Former Nelson County High School principal leaves legacy of educators, looks to future leadership | Education

Outgoing Nelson County High School Principal Chris Sumner didn’t always want to work in education.

Sumner, 40, said in an email he came to the decision in his first year studying visual art at Virginia Commonwealth University.

“I remember thinking that it didn’t make sense for me to pursue a degree in illustration, painting or printmaking since I could already do those things.” he said.

Sumner recalled his first high school job — watching three neighborhood children after school between their parents’ work shifts.

“Realizing that I was good at art and liked kids, it made sense to marry the two and pursue education.”

Sumner said he’s taught art to students from all grade levels from pre-kindergarten to 12th grade during the span of his career, in rural, suburban and urban settings and on the Fort Lee military base in the Prince George school system from 2004 to 2011 as a teacher and 2015 to 2018 as an assistant principal.

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“I really enjoyed working with the little ones but felt that I had more to offer and could do more with older students given my artistic talents,” Sumner said, adding he moved to the middle and high school levels early in his career. He said his students have produced “amazing works of art,” won awards and pursued college and careers in visual arts.

He spoke on his artistic path during an interview, saying he started with pencil drawings, became proficient with painting and then did commission work for several battalions at Fort Lee.

Brooke Johannsmeier was in Sumner’s Art II class her sophomore year at Colonial Heights High School in Colonial Heights, Virginia.

“We always knew when we went into his classroom we were going to be greeted with a smile, open arms, and know that even if we weren’t good at art, he was going to make the class fun for us,” she said.

Johannsmeier said she felt comfortable approaching Sumner with any problem for guidance, even if it had nothing to do with his class.

“He always made sure he told me the things I was good at,” she said.

Johannsmeier now teaches preschool and said Sumner has been an influence on the way she teaches. She said she hopes to balance assertiveness with giving constant support and guidance to her students after Sumner’s example.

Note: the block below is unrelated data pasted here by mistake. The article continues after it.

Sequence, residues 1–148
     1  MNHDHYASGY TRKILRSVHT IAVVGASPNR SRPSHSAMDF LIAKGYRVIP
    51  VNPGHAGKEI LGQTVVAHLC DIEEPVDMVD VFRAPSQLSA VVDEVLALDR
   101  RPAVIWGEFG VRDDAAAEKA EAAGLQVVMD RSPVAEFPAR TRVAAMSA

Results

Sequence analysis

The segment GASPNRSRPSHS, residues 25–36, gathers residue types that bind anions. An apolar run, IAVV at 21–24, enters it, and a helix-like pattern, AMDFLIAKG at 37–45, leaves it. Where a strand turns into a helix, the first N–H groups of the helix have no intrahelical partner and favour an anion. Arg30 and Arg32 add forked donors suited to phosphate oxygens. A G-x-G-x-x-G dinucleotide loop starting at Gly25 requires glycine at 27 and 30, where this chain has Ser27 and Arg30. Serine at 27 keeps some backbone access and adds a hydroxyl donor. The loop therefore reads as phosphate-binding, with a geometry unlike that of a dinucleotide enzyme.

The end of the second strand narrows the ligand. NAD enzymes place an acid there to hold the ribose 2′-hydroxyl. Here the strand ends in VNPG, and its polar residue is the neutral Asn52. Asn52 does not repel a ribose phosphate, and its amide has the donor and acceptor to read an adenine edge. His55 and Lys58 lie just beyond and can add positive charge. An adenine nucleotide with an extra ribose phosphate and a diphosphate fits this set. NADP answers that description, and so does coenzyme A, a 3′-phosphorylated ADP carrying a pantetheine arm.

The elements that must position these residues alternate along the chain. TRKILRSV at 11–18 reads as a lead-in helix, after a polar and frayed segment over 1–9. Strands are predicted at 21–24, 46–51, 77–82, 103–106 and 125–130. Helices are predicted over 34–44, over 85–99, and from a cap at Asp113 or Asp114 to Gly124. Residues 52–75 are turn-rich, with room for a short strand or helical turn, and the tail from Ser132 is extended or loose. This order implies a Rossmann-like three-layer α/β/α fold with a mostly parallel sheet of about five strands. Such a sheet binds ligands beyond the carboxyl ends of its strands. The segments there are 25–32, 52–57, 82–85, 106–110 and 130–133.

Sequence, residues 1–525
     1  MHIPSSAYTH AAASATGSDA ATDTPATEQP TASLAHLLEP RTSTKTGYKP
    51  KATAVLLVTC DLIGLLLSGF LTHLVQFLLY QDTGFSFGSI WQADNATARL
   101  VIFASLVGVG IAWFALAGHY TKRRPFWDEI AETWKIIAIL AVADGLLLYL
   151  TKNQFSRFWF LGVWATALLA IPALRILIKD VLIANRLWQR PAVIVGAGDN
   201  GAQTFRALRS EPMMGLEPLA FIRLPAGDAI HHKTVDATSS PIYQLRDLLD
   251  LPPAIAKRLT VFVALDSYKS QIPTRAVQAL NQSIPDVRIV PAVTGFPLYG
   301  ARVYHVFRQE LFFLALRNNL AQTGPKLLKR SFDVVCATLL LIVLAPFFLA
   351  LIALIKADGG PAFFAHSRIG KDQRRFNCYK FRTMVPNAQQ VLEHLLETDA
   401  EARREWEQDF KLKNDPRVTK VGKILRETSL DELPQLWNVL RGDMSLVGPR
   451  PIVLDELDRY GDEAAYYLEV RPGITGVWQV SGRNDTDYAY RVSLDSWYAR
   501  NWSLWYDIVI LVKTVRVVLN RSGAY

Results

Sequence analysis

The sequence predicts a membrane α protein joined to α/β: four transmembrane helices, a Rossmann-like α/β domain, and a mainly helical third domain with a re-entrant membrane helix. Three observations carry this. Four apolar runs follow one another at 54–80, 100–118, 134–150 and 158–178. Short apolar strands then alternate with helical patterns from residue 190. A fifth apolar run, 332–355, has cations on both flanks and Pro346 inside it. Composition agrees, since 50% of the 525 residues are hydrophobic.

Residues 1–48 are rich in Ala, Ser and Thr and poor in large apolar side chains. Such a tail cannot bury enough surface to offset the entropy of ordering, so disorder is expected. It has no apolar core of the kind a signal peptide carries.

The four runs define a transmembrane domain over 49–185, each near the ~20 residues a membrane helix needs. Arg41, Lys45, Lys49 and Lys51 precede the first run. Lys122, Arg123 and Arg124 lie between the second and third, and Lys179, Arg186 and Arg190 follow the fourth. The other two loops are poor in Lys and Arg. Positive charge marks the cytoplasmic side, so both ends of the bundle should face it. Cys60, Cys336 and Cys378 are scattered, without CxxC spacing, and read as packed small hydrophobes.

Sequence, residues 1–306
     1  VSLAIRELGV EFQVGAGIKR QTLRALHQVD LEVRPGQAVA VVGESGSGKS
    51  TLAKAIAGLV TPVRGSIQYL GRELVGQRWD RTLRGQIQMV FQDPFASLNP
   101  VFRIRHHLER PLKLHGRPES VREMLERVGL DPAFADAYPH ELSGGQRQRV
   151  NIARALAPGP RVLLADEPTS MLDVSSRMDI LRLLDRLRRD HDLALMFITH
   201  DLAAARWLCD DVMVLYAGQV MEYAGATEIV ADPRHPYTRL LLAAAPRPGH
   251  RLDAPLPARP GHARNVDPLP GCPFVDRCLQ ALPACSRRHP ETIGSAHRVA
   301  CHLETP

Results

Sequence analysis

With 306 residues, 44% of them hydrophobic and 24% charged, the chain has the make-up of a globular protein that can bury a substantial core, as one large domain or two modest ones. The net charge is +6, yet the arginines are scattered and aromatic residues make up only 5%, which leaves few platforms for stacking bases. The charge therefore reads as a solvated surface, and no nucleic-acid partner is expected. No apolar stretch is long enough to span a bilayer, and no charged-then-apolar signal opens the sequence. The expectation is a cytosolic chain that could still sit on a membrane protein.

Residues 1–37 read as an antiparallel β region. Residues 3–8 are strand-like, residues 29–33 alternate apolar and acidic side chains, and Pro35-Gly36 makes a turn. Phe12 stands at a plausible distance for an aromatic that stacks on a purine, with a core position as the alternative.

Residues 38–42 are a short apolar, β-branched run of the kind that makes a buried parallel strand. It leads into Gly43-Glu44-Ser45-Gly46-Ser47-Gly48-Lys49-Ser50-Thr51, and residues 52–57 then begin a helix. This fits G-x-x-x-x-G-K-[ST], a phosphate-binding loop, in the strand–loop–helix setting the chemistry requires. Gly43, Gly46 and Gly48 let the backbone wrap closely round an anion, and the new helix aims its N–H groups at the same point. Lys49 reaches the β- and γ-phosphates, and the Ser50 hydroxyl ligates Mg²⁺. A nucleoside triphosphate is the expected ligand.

She said years after high school, “I know I can just pick up the phone and say, ‘Hey Chris, I’m going through this, I need your feedback,’ and he would give me the best advice.”

Andrea Thomas also met Summer while she was a student at Colonial Heights Hight School. Thomas said Sumner was involved in extracurriculars and took her and other students to CADRE and YADAPP meetings. Thomas said YADAPP stands for Youth Alcohol and Drug Abuse Prevention Program and the Colonial Heights CADRE Coalition is a volunteer youth substance abuse prevention organization according to the Colonial Heights website.

She struggled to find the words to describe what Sumner’s mentorship has meant to her.

“He’s just so caring and passionate about what he’s doing, especially in education. He always just wants what’s best for his students and everyone around him, really. But he is also funny and extroverted and just brings so much joy to the people around him.”

Thomas now teaches fifth grade. She said Sumner helped her with writing a resume, finding and giving interviews.

“When I first started looking for a teaching job he actually helped me and did a mock interview kind of in his free time. You know there’s not much free time when you’re an educator. He took me in and helped me a lot,” Thomas said.

“Watching him continue not only to be an educator but a learner as well, he’s someone that I look up to constantly. I’m always able to go back to him.”